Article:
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Managing for Today and Tomorrow

Managing for Today and Tomorrow. Estate Planning Part One Estate Planning Concepts and Tools. What is Estate Planning?. The overall process of making decisions as to how property is to pass to others, during one’s lifetime, at death or after death. Who Should Do Estate Planning?.

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Managing for Today and Tomorrow

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  1. Managing for Today and Tomorrow Estate Planning Part One Estate Planning Concepts and Tools

  2. What is Estate Planning? The overall process of making decisions as to how property is to pass to others, during one’s lifetime, at death or after death.

  3. Who Should Do Estate Planning? Everyone… It is not just about money. Unless you are happy with the plan your state has provided.

  4. We Are Not Giving Legal Advice • Just providing nonbiased educational information. • Seek out your own legal council.

  5. Who is the Estate Plan for? • Is it to pass a business to the next generation? • Is it to plan for retirement? • Is it to jump start the kids’ ambitions? • Is it to avoid taxes?

  6. What are your most important goals? • Individual • Family • Retirement • Business • Spiritual • Other

  7. Key is to Articulate Goals • The parents together • The parents individually • The on-farm heirs • The off-farm heirs

  8. Develop Goals under Various Circumstances • What to do if spouse dies - • Receive income? • Sell interest? • Participate in management? • What to do if both die? • What to do if entire family dies?

  9. Common Estate Planning Goals • Minimize taxes at death. • Minimize probate costs and delays. • Conserve property during life and after death in accordance with goals. • Provide financial security: • Parents in retirement. • Family member with a disability.

  10. Key Areas of Concern • Guardian for minor children or adult children with special needs. • Providing income for a surviving spouse or children. • Management of estate property, assets, investments. • Minimization of probate and settlement expenses. • Minimization of estate and inheritance taxes. • Flexibility. • Liquidity for necessary and unavoidable expenses. • Gift planning. • Continuation and/or transfer of the business.

  11. Put Together a Team of Advisors • Start with referrals and interview potential advisors • Accountant • Banker • Insurance agent • Investment advisor • Lawyer • Financial Planner http://www.extension.iastate.edu/agdm/wholefarm/pdf/c4-61.pdf

  12. Getting Started • Determine what you own and how much it is worth. • Who do you want to receive your bounty? • When do you want them to get it? • Review any past estate planning. • Review of family insurance program. • Advisability of lifetime gifting. http://www.extension.iastate.edu/agdm/info/eyep/c4-57.pdf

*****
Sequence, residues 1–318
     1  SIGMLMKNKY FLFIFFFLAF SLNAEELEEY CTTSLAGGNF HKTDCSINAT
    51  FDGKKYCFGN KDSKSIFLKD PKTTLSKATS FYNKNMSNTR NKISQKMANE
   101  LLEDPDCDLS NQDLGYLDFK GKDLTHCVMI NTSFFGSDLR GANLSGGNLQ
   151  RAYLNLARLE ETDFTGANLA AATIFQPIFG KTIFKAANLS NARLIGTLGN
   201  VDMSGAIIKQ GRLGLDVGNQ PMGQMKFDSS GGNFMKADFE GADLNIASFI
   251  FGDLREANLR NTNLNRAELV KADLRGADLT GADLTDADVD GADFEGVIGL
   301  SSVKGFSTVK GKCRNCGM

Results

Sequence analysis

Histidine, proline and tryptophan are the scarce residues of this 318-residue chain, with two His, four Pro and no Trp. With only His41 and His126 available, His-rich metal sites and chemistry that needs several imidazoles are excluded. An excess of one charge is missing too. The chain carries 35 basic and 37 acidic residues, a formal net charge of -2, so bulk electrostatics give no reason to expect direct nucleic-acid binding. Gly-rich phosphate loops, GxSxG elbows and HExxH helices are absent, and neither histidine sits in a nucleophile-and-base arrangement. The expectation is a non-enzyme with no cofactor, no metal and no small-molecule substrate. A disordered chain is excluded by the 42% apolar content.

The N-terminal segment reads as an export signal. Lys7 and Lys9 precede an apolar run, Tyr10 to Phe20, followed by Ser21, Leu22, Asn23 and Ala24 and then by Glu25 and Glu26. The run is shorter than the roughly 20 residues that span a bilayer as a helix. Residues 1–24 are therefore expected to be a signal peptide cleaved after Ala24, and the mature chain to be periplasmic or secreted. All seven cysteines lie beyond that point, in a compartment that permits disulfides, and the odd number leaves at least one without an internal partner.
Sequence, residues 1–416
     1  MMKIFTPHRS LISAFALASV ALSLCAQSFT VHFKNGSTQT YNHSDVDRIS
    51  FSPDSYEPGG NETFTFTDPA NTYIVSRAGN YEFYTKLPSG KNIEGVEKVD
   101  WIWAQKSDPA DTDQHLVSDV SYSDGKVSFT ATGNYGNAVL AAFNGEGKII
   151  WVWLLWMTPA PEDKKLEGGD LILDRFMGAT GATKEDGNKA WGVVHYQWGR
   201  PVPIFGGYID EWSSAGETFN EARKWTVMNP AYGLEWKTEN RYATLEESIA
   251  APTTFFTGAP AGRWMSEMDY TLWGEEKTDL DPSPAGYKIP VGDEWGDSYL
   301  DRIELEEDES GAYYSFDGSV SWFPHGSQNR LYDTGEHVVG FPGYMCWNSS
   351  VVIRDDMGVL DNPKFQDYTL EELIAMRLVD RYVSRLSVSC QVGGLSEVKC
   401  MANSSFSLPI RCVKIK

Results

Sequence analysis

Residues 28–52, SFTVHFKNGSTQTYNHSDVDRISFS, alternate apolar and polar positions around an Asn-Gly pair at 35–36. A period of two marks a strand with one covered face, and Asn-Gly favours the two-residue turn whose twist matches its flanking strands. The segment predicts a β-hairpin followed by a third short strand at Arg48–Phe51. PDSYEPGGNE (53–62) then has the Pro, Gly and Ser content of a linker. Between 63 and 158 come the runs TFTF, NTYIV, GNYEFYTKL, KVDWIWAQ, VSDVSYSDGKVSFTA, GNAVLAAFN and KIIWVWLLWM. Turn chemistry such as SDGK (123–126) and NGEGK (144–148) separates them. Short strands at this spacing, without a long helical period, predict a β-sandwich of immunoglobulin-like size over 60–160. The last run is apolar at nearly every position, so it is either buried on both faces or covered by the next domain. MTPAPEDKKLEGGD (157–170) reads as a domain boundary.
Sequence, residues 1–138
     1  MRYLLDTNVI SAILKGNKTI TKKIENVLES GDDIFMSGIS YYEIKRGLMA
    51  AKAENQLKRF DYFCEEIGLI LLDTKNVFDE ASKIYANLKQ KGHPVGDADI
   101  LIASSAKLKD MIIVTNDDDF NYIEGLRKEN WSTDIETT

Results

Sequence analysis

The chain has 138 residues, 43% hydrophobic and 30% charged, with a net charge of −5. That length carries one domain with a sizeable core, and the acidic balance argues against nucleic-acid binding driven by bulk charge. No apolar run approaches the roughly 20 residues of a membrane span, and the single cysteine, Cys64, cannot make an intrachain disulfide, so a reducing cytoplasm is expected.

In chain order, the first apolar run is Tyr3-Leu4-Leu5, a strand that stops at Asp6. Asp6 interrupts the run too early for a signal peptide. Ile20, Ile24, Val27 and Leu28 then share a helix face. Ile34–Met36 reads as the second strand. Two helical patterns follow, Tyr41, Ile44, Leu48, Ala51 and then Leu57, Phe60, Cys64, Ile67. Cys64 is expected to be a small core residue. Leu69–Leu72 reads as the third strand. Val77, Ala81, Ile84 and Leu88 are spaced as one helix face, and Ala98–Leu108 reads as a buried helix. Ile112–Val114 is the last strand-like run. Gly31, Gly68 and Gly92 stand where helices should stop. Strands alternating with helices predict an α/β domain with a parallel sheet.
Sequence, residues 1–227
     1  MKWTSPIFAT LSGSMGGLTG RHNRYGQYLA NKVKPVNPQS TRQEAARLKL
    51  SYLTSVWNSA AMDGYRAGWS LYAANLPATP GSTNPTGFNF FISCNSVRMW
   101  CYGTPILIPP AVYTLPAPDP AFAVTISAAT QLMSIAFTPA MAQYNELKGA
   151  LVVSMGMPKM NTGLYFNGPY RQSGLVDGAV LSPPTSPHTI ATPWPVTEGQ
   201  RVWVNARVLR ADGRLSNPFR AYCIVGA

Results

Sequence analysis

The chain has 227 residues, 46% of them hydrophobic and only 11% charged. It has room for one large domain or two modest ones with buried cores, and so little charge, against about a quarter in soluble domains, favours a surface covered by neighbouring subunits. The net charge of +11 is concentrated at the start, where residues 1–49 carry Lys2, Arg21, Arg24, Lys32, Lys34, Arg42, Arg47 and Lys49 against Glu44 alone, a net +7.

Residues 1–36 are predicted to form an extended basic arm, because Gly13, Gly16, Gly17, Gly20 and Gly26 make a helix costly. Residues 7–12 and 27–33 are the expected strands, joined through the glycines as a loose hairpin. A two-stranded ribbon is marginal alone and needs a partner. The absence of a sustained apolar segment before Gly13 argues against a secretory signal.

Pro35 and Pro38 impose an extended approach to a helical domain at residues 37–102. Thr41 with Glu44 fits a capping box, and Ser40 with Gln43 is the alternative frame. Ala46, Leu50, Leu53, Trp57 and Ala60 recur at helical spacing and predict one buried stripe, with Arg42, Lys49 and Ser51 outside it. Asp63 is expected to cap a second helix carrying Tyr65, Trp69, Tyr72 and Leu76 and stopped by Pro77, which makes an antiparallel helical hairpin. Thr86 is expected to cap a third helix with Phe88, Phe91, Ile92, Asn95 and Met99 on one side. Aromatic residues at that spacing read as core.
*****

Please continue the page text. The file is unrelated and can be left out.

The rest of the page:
13. Important Considerations • Type of Assets • Inventory • Depreciable • Machinery & Equipment • Permanent Improvements • Real Estate • Land • Personal Residence • Tax Basis • Alternative forms for disposing of property during life

  14. Fair Market Value of Real Estate • You may be pleased! • May be one of your greatest stores of wealth.

  15. Ownership / Control • Fee simple • Life estate or life tenants • Remainder interest. • Leaseholds • Tenants in common. • Joint tenants with right of survivorship.

  16. Forms of Co-ownership Tenancy in common: • Each tenant holds an undivided interest in the property. • Upon a tenant’s death, the interest passes in accordance with the tenant’s will (or state law if no will.) • The decedent’s estate includes only the decedent’s interest.

  17. Forms of Co-ownership Joint tenancy: • Passes by survivorship designation. • Precludes use of life estate/remainder arrangement as to non-marital portion of the estate. • Magic words of conveyance. • Takes precedence over the will.

  18. Forms of Co-ownership Tenancy by the entirety (not allowed in all states): • Husband and wife can together convey a fee simple but neither can unilaterally sever the tenancy. States may have other forms of ownership as well.

  19. Estate Planning Implications of Property Ownership Forms • Spousal joint tenancies: • The property is treated at the first death as belonging 50% to each spouse for federal estate tax purposes. • “Fractional share” rule.

  20. Estate Planning Implications of Property Ownership Forms • Non-spousal joint tenancies: • Property is taxed in the estate of the first to die except to the extent the surviving owner proves contribution for its acquisition. • “Consideration furnished” rule. • Property included in decedent’s estate receives a new basis at death.

  21. Class Activity Find the Legal Terminology Vocabulary Matching Exercise and complete

  22. Homework Assignment • Find “Last Will and Testament”. • Find ten of terms listed in the Activity Worksheet in your will. • Check the titles on all real estate to see how it is owned. • Review the Estate Planning Questionnaire found in the book.

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